Jane Bradley: How to channel the Christmas spirit

We should forget the vast range of choices on TV and instead get everyone together to share the festive experience says Jane Bradley

There are more television channels on offer than anyone could need or want, and we would have more fun at Christmas if we all watched the same show together.

I hate using other people’s television sets. It is a world of mystery with which I just cannot cope.

I’m sure you recognise the scenario. You’re renting a holiday cottage, or staying at a friend’s house while they’re away. You settle into the sofa for a relaxing night, click the ‘on’ button and are suddenly faced with an array of confusing options, menus and buttons.

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Thousands of channels swim before your eyes. You click on one, only to be told that your host does not pay for that channel. But they do pay for the one above it. Which has nothing but re-runs of One Tree Hill. This other one they do have, but only in HD - and this TV set doesn’t support HD. It’s all so confusing.

And unnecessarily so. We have been conned into thinking that we need choice: the choice of hundreds of TV channels, thousands of nightly options of what to watch. We don’t. And it is costing us dearly.

A basic standalone Sky TV package - and that’s without any of the interesting premium bits such as films or sport - costs £20, according to the company’s website listings of current deals. For that, you get 270 channels.

Virgin, on the other hand, offers just 70 channels for its £25 a month package, which also includes broadband and weekend phone calls. If you want the bells and whistles of Sky Sports and Movies, you’re looking at a minimum of £50.

Yet even the meagre 70 channels is fifteen times the four - or even five choices we had twenty years ago.

It was a lot easier when you clicked the button and it gave you the two BBC options, STV and Channel 4. It was where most of the decent TV was. I like to try to recreate that simpler time by insisting that in our household, we get nothing more than the basic, free (it does what it says on the tin) Freeview package.

We still have more channels than you can shake a stick at, but the main benefit is just that the system doesn’t tell me about ones that I don’t have, hoping that I’ll succumb to some kind of superior package and pay half of my monthly salary in doing so.

In truth, most of the decent TV is still contained in just a few channels, especially if you believe a survey carried out earlier this week by uSwitch.com. It showed that almost half of premium digital pay TV customers in the UK are watching less than a fifth of the channels included in their TV packages. A fifth. That is just 14 channels.

Yet, the report revealed, the average yearly spend for premium pay TV is £508, or £42.30 per month, with almost a third spending more than £50 a month. For that kind of money, you can get the top channels: the Sky Movies, the Sky Sports. The stuff you think you need, but actually, will probably not get around to watching.

TV customers signed up to Sky, Virgin and BT say that, on average, they only watch a third of the channels included in their packages. Almost four in 10 watch less than 10 per cent of the channels on offer, while 71 per cent are watching less than half of the channels they pay for.

While it may seem as if the world is signed up to Netflix or Amazon Prime - or both, in fact, only six per cent of the population has used a TV streaming service over the past year - despite the costs being significantly lower than a standard pay-for TV package.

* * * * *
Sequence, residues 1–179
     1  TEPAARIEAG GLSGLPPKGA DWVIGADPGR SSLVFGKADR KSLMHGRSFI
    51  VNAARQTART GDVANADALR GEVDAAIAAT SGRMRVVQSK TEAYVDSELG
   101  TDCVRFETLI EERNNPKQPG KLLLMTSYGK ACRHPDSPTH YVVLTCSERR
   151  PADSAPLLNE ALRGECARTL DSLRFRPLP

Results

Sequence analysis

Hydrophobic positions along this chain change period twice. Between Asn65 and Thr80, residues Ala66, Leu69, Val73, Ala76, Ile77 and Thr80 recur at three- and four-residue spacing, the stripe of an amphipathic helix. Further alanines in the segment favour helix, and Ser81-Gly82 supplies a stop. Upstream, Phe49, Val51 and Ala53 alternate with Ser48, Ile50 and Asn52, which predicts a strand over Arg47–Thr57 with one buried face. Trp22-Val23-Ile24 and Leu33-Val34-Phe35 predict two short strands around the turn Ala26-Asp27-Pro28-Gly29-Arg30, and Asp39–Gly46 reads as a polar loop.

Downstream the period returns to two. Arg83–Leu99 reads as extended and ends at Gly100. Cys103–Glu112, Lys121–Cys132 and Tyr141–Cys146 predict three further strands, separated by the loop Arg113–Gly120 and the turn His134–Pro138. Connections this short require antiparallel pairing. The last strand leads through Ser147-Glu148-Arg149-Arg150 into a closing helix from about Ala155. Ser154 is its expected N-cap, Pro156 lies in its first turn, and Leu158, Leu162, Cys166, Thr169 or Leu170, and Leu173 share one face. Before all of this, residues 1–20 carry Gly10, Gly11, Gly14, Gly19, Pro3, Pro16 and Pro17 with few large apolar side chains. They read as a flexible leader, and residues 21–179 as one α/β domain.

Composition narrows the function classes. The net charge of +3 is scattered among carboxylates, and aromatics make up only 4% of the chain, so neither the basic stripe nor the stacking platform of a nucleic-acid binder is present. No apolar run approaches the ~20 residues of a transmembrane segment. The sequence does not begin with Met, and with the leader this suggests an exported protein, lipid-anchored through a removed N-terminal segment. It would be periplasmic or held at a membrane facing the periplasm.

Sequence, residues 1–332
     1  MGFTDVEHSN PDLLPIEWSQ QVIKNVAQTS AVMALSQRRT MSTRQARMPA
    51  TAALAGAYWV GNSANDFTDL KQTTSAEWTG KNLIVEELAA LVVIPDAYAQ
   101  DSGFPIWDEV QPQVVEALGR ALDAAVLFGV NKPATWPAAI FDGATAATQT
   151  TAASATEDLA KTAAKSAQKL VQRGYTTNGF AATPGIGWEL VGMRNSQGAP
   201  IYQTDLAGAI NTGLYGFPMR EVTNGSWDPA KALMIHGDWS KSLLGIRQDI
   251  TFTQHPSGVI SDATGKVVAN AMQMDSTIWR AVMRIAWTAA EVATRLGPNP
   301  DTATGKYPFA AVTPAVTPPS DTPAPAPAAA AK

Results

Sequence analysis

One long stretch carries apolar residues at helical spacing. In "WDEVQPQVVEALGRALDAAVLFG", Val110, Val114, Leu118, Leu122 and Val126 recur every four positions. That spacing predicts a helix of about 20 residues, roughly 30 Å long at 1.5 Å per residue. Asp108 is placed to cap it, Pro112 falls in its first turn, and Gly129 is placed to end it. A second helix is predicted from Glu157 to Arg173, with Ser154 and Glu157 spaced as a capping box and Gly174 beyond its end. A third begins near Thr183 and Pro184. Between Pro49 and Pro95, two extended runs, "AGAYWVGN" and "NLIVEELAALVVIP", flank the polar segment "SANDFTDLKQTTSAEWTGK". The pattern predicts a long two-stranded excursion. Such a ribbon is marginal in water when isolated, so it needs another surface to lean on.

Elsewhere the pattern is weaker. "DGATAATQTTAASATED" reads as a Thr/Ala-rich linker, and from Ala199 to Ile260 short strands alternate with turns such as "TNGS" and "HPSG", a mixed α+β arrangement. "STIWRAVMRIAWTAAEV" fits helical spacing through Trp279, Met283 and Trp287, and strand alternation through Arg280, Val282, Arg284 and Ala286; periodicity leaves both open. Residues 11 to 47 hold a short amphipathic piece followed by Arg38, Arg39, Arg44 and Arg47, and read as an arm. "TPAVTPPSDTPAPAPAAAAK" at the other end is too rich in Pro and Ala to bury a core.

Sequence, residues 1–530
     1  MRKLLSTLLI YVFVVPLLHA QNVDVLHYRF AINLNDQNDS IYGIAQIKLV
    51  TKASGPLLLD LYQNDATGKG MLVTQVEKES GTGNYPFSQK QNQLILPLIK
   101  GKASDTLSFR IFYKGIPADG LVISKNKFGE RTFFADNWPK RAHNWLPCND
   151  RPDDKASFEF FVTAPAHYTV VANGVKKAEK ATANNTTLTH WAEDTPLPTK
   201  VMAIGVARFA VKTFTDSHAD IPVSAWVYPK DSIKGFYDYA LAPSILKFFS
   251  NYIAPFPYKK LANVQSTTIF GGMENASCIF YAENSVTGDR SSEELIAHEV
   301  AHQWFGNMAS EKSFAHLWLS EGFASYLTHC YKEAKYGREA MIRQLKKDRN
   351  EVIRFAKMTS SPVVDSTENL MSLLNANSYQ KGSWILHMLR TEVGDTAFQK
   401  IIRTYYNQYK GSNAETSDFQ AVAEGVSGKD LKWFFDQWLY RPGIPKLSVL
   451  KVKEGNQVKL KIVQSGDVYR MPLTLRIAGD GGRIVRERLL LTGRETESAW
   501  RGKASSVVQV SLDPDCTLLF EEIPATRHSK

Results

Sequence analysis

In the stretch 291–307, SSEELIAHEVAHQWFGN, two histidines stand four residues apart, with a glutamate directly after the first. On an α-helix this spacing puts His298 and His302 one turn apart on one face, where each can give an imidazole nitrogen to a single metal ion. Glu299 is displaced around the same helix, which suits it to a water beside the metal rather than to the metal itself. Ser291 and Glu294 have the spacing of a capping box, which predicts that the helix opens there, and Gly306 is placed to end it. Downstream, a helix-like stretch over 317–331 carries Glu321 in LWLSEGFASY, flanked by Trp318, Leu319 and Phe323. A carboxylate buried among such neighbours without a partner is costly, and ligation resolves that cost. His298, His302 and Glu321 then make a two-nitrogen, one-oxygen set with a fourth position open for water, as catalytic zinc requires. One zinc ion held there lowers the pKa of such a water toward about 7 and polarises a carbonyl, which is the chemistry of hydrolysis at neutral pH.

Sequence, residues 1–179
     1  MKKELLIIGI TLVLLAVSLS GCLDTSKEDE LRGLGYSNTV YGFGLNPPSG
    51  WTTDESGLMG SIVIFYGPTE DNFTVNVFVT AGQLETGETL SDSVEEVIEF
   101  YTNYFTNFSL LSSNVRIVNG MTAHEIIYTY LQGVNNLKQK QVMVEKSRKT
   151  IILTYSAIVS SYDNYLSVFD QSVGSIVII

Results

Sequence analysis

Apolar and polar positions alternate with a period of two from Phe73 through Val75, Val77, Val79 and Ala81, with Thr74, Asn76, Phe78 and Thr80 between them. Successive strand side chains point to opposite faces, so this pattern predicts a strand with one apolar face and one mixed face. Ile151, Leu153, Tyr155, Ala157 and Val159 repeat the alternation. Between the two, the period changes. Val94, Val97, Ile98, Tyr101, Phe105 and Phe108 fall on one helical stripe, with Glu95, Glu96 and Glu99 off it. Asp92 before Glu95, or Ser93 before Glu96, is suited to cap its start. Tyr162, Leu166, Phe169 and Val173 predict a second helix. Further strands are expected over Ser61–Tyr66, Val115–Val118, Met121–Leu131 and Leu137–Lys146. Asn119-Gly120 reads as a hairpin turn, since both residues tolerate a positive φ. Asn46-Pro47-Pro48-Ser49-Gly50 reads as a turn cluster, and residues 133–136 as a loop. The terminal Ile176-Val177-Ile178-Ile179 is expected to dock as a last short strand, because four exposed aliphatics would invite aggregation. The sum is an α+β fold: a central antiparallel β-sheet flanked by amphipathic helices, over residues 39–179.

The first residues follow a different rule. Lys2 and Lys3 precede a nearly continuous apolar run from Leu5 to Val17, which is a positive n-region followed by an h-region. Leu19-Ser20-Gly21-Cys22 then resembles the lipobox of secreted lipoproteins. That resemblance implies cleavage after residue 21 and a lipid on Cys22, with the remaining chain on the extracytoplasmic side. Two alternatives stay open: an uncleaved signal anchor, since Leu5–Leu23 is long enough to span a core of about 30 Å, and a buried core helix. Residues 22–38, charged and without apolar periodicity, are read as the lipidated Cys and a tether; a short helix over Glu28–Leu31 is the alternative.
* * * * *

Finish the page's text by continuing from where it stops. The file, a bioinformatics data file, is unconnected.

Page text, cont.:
This vast choice of TV viewing just serves to dilute the national enjoyment we used to get from it - especially around Christmas time.

There is a line in a children’s book which is a favourite of my daughter’s, when Alfie’s Christmas author Shirley Hughes sums up the big day with her description of people “enjoying themselves, eating nice things and watching television together”.

And that is what it should be, but our vast choice of channels, coupled with the ability to watch TV whenever and wherever we want, has spoiled the magic.

The Radio Times recently issued its annual round up of the best Christmas programmes. They might not all be up my street - or yours - but in past times, they united the nation. A Christmas highlight would start and everyone would settle down to watch, whether it is “their thing” or not.

This year’s versions of classics such as the Call the Midwife Christmas Special, a final hurrah of the Great British Bake Off, Strictly Come Dancing and Dr Who are the kind of thing that mum, dad, kids and granny should enjoy together, yet they are less likely to than ever before.

Cousin Johnny will be off upstairs, watching a download on his new iPad, while SnapChat-ing his friend’s about the Boxing Day sales which will have already started - online at least.

The toddler will be trying to sneak an extra episode of Peppa Pig on the iPad when no-one is looking as Dad tries to catch the highlights of an obscure Boxing Day rugby match on his phone.

Granny might miss Call the Midwife at its scheduled time due to washing up and Lego duties, but will be able to catch up later on her internet TV at home.

Few will enjoy that cosy time, huddled around the television set.

In our house, however, my parents are visiting for Christmas this year. And there is one thing I’m sure about: whatever scheduled TV we do miss due to our 21st century inability to do anything at the same time, the Queen’s speech will be screened at 3pm and all of us - me, my husband, our four year old and the grandparents - will be made to watch it.

And while I’ll inevitably moan and groan and perform my usual annual rant about the futility of the Royal Family, I’ll secretly love it. Because we’ll all be doing it together.